CLC President Discusses Immediate Measures for Protecting Voting Access Amid Coronavirus Pandemic

Signs saying "one stop voting" and "curbside voting" along a street with an SUV parked next to them
Curbside voting in Wake County, North Carolina on October 25, 2008. Photo by Jake Kitchener.

In times of uncertainty, American citizens should be able to count on being able to vote for their candidates of choice. 

During other historically extraordinary events, like the Civil War or World War I, elections were not canceled or postponed. American citizens were able to practice one of their most basic rights – as we should be able to now during the coronavirus pandemic. 

Trevor Potter, president, Campaign Legal Center, appeared on “Axios on HBO,” to discuss immediate measures states can take to prepare to offer all citizens the opportunity to cast their ballot in a safe environment, and how this pandemic should serve as a catalyst to make the ballot more accessible to all citizens during every election.  

Below is the summary of Potter’s interview:

What he's saying: "There's been a view that making it easier to vote, encouraging people to vote, somehow would help Democrats rather than Republicans," said Potter, who is president of the Campaign Legal Center was Stephen Colbert's super PAC lawyer and a former chairman of the Federal Election Commission.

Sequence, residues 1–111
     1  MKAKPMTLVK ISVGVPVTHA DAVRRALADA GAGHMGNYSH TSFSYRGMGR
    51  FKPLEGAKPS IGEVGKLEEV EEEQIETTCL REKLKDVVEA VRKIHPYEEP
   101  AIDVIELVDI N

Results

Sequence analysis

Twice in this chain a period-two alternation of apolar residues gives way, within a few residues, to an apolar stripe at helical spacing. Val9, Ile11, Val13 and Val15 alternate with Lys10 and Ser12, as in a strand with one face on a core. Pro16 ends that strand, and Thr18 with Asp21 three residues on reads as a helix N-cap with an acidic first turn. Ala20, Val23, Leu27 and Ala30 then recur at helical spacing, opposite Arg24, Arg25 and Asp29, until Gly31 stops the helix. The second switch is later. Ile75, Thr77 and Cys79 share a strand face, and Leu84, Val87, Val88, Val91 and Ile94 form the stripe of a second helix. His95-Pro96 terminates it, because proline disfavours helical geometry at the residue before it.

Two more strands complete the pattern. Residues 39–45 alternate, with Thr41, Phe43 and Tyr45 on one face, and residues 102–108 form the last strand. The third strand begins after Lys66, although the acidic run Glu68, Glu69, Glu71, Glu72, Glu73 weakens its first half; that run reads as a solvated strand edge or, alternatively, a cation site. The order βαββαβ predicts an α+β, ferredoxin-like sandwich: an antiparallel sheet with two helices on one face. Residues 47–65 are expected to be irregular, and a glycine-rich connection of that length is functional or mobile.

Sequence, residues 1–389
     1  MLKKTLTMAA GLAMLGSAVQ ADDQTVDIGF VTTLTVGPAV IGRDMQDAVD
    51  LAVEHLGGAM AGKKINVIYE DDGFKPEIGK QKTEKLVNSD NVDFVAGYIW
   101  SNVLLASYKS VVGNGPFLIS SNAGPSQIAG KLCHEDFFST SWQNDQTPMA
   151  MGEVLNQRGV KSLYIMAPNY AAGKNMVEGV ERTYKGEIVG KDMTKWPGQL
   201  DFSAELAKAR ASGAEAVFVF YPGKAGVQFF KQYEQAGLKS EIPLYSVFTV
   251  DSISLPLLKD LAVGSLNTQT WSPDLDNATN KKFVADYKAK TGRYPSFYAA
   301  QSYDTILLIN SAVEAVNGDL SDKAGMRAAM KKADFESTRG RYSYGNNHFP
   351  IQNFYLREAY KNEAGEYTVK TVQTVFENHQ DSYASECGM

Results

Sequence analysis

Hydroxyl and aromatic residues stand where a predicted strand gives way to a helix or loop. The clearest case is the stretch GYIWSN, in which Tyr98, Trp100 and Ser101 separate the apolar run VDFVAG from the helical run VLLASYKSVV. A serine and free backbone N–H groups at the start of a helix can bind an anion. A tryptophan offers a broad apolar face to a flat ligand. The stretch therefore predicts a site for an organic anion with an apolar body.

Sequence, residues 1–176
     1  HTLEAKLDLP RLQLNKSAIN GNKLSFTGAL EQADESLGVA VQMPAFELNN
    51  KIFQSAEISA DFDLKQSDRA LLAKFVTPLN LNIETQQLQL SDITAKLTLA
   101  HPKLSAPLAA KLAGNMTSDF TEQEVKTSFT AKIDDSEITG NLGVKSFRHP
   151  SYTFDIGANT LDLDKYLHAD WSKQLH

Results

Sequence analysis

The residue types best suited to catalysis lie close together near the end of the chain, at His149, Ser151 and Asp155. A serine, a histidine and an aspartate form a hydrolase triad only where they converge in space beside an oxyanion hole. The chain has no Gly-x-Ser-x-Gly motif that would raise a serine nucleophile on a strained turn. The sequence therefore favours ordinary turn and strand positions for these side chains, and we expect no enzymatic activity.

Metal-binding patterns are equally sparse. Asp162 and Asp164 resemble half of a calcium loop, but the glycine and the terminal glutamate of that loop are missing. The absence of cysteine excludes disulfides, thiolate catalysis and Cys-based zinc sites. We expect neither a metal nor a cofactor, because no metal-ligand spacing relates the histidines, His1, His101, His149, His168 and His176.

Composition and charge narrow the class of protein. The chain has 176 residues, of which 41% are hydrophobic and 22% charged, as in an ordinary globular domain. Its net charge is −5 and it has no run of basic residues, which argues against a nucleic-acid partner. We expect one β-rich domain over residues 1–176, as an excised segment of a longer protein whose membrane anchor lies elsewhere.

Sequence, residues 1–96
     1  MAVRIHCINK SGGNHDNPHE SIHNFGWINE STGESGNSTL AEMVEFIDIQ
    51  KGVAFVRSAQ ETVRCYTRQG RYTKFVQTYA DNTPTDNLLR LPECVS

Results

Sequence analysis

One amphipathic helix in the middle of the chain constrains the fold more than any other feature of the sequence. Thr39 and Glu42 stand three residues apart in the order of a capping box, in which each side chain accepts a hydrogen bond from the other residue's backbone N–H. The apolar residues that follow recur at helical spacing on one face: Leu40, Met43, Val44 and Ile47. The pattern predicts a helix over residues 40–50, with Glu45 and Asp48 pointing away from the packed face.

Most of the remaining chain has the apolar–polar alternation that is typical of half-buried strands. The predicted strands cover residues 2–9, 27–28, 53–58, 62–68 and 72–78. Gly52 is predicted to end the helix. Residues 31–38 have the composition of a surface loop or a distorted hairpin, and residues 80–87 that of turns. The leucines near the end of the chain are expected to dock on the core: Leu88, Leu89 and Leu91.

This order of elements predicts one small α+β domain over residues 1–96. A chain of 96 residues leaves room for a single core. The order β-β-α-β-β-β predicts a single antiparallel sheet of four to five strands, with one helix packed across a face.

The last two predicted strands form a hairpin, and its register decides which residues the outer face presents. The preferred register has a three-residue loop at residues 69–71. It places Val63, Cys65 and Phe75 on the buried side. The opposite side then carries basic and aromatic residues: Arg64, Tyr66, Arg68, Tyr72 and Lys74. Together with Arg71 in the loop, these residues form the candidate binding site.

•  "personally think that's about a 25-year-old view, and that if you look at the Trump election, there were many people who came out and said they were voting for Trump who were not normal voters. So increased turnout in some states helped the Trump campaign rather than the Democrats." 
  • "There are allegations that in Republican red states, there is an attempt to suppress minority voters. And we've seen examples where laws were passed to make it harder to vote on Sundays or to require a particular form of voter ID that minorities might not have. And you can see there's a partisan element to that and a partisan dispute." 
  • "Here, I think the good news is, it is not thought that this crisis hurts or helps voters of one party. So both parties ought to be able to get together on this and say we need to make it easier to vote in the face of this health crisis." 
  • "There are plenty of elderly people in both parties." 
  • "In this crisis, we move away from the 'is it going to help us or hurt them' mentality that you see in some of the barriers to voting. And instead, we have the possibility that it will hurt both parties in unpredictable ways. So both of them should be looking at how to make it easier to have a range of methods to vote on an election day in the middle of a public health crisis."

The full episode is available with an HBO subscription. 


Georgia is a Communications Assistant at CLC.